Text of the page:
N’doye is a 6’7, 206 pound combo guard from France who last played for Cholet Basket of the French league. Through 25 games, he posted averages of 10.1 points, 4.2 rebounds, and 4.0 assists. The 22-year-old has a massive 7’3 wingspan making him a terror on defense, especially off-ball where he is able to easily disrupt passing lanes. That is illustrated through his 1.3 steals per game. Defending on the ball, N’doye moves his feet well on the perimeter, but lacks any sort of strength to be able to compete inside. Still, because of his length and size he’s relatively switchable, and is capable of guarding most guards and wings. Before he can become an elite defender, he’ll need to get more disciplined with his reaching and fouling, and also add a significant amount of strength.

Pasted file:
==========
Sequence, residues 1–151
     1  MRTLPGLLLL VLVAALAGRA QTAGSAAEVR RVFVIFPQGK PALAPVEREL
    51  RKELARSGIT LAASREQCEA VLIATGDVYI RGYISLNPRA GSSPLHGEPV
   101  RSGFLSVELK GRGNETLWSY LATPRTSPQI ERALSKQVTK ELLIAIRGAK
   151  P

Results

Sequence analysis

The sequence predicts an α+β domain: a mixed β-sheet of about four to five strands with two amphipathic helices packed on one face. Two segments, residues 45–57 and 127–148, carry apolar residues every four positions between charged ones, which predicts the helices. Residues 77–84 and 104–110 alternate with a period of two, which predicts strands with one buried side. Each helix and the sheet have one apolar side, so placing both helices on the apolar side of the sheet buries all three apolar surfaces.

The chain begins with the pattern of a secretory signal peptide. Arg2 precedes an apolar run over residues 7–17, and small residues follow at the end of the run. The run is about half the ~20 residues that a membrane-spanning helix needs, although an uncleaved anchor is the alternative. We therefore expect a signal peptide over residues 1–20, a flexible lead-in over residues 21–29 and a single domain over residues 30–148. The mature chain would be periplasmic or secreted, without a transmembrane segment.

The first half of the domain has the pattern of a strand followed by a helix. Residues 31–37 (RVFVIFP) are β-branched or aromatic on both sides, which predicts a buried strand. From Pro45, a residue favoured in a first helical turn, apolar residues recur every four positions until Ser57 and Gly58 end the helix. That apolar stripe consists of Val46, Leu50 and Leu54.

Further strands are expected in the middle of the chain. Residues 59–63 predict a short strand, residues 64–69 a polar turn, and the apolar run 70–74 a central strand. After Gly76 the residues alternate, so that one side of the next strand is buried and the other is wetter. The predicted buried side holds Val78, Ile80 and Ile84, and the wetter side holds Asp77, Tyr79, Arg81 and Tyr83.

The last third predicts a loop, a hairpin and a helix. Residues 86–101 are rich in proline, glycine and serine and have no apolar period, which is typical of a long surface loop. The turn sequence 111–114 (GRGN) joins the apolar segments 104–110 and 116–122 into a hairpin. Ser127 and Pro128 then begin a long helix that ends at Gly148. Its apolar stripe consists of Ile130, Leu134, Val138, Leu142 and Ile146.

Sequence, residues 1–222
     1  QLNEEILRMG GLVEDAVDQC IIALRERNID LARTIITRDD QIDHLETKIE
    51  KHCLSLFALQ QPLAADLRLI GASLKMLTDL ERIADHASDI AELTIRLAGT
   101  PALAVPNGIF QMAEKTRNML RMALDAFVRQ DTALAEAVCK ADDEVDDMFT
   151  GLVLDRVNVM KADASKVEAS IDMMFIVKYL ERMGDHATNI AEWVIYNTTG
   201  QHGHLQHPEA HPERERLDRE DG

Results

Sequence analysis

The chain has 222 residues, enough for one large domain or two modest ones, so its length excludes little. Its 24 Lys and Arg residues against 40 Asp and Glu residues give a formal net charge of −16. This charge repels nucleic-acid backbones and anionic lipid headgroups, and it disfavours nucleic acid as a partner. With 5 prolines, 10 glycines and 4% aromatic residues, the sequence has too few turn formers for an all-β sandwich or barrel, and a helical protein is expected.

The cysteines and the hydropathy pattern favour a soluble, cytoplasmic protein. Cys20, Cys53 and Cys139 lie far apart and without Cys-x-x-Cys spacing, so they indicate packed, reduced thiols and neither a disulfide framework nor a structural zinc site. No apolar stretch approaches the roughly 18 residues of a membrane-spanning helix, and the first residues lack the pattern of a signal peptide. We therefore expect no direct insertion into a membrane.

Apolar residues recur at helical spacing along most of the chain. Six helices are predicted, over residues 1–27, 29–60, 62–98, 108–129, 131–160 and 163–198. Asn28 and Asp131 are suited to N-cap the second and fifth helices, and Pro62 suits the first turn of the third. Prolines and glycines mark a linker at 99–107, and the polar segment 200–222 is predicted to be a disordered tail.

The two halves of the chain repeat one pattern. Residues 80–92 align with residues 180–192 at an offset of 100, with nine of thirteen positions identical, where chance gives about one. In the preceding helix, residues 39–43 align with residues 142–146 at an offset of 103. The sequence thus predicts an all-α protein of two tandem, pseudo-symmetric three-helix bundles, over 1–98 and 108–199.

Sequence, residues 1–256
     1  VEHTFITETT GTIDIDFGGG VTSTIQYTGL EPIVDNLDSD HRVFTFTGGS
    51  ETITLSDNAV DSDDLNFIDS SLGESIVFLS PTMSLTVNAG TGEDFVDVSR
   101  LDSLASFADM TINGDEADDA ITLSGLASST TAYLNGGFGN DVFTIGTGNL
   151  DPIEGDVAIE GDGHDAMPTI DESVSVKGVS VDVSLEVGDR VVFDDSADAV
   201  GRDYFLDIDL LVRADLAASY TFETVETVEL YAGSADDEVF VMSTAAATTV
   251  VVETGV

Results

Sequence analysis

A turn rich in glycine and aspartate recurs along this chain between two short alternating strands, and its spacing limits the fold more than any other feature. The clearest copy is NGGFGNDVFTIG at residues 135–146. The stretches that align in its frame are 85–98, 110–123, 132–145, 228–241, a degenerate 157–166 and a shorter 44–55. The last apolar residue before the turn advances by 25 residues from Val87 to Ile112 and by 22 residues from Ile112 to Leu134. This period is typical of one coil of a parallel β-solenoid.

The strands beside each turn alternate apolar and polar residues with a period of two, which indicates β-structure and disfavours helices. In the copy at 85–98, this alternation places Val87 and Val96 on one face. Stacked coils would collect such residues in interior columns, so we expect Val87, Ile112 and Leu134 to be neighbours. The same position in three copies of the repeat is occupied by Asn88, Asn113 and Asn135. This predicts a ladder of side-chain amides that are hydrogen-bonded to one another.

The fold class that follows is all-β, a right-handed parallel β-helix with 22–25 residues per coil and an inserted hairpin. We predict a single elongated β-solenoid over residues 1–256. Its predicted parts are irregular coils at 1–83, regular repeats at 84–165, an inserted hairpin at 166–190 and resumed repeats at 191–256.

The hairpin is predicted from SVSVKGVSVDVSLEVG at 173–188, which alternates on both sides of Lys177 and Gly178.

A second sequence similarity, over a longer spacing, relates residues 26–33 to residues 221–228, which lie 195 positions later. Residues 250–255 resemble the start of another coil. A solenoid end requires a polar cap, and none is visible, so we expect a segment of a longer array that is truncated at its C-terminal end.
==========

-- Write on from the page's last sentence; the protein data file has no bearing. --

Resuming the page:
Offensively, he naturally has a higher dribble as a taller point guard, which makes him slightly more prone to turning the ball over. Nonetheless, he sees the floor excellently and can make a variety of passes over his smaller defenders. He’s a pick and roll maestro, and has a great floater game in the mid range area. His jump shot is solid by the percentages (44.1% on 1.4 attempts per game this past season), however it’s still a small sample size to judge from, and his free throw percentage (66.7%) draws concerns around whether his shooting stroke is legit. His shot form mechanics are good, although he has a slow release. If he is able to work on his shot preparation, that would help get shots off more comfortably, and probably hit more of them.